When the Pfizer vaccine was approved for use in kids ages 12-15 just three weeks before the end of the school year in Jeffco, Jefferson County Public Health was faced with its latest challenge in a …
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When the Pfizer vaccine was approved for use in kids ages 12-15 just three weeks before the end of the school year in Jeffco, Jefferson County Public Health was faced with its latest challenge in a year full of them.
“We were asked to hit all of our schools in the next two weeks,” said Marius Nielsen, who has been helping coordinate vaccination efforts for JCPH.
Hitting as many schools as possible was important, Nielsen said, because JCPH knew that they presented the best place to reach as many 12-15 year olds as possible. In total, the district was able to hold events at 34 schools out of the 155 in the district.
The urgency had also increased in recent weeks as COVID-19 cases spiked significantly among those ages 10-19 and 20-29 around the end of April, although they have since declined sharply following the same trajectory as overall cases in the county.
While contracting COVID-19 has generally been considered far less risky for those in younger age groups than it is for their grandparents or even parents, JCPH Executive Director Dawn Comstock said it is still important for kids to be vaccinated because they can spread the virus to friends and family.
There is also still some risk of serious complications from the virus, including hospitalization and possibly death, for people in that age group.
At one such vaccine distribution event held on May 27 at Bell Middle School in Golden, a team of about 10 nurses spent three hours vaccinating students, family members and anyone else who showed up. The events were promoted by the schools, Nielsen said, but no advanced registration or appointment was required.
Christine Billings, JCPH’s COVID-19 emergency response commander, said that vaccinating kids is basically like vaccinating anyone else, except that a parent needs to provide permission.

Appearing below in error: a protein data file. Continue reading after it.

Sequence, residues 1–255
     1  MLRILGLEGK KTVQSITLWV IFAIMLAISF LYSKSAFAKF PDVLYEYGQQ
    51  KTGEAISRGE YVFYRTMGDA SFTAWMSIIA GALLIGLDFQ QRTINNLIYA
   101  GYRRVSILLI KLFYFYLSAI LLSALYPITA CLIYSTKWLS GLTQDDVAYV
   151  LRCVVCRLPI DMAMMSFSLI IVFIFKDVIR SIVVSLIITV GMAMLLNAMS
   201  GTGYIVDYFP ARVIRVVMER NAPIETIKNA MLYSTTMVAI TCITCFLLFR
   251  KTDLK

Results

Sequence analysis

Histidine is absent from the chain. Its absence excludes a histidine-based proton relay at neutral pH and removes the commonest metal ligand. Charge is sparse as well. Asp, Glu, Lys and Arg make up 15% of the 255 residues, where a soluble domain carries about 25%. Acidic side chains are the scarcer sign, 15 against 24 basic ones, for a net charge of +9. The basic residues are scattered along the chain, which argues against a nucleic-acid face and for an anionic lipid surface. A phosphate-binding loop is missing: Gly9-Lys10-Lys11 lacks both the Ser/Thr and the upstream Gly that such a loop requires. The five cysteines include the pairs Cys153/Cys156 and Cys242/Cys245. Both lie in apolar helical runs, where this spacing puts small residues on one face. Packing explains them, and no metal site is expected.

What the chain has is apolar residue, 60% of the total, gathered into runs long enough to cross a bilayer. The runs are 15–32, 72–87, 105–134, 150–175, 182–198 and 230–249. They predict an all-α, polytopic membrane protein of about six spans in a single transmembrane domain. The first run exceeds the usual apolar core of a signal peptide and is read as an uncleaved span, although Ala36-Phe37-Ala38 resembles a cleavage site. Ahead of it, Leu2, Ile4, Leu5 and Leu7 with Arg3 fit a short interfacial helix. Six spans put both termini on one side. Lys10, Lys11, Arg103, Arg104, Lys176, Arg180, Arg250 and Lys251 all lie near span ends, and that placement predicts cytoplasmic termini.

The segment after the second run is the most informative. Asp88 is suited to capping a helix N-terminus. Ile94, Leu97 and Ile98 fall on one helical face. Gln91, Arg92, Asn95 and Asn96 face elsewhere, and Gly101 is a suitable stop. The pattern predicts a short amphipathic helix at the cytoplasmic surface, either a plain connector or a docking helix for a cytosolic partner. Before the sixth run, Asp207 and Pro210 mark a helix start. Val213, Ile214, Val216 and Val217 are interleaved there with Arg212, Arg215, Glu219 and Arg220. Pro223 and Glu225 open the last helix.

“That hasn’t been much of an issue,” Billing said. “Either the parent is present or they have usually been able to provide clinical consent by phone.”
Nielsen said they have also observed several situations where a child’s desire to get vaccinated has led their parent to also do so.
“That’s something we are seeing a lot is the child has been exposed to information that leads them to want to get it (the vaccine) and that ends up being the catalyst for the parent who has gotten it,” they said.
Nielsen said that about 11,000 people had been vaccinated at the JCPH school events, and the organization was hoping to add about 2,000 more to that at the remaining events.
Nielsen and Billings said that while JCPH considers that number a success given the limited amount of time, it is also getting ready to continue to target vaccine-eligible kids at pop-up vaccine clinics at pools, farmer’s markets, libraries, youth sporting events and other places frequented by kids.
“We have a lot of big plans for once schools close but we are also taking any and all ideas from the community about where to set up clinics to reach people who haven’t been reached,” said Billings, who said people can call 303-239-7000 to make a request for a clinic location.
Nielsen also noted that JCPH now has lots of capacity of all three vaccines as well as mobile clinics that are capable of stopping at up to six sites in a day. The week before, one clinic briefly even set up on a busy street corner at the request of a community member.
Making sure vaccines are accessible is now more important than ever, they said, because with 70% of the county having already received the vaccine and supply now exceeding demand, those who remain generally haven’t been vaccinated because they’ve either struggled with access or are vaccine-hesitant.
“With both of those populations, it really helps to have them see the vaccine in their community,” they said.
Billings compared the latest vaccine distribution efforts to a jigsaw puzzle “where we are just trying to put the pieces in the right places.”
“Gone are the days where we would administer 1,000 doses a day at a single site,” she said. “Now 50-100 doses is really good.”
Of course, there is still one large population that is still not eligible for the vaccine: children under 11.
But with that population expected to be approved for vaccination later this year, Billings said JCPH is already thinking about how to reach that population — and said the approach will likely be different from how the county aimed to reach older populations.
“I think with the 5-11 year olds we will really be looking to have those vaccinations given by a trusted pediatrician,” said Billings, who said pediatricians will have the advantage of having earned families trust, which could be more important when it comes to vaccinating younger children, and could also deliver the COVID-19 vaccine alongside other vaccines typically given to children.
“At that point it will start to look like a typical vaccine like the chicken pox or measles,” she said.
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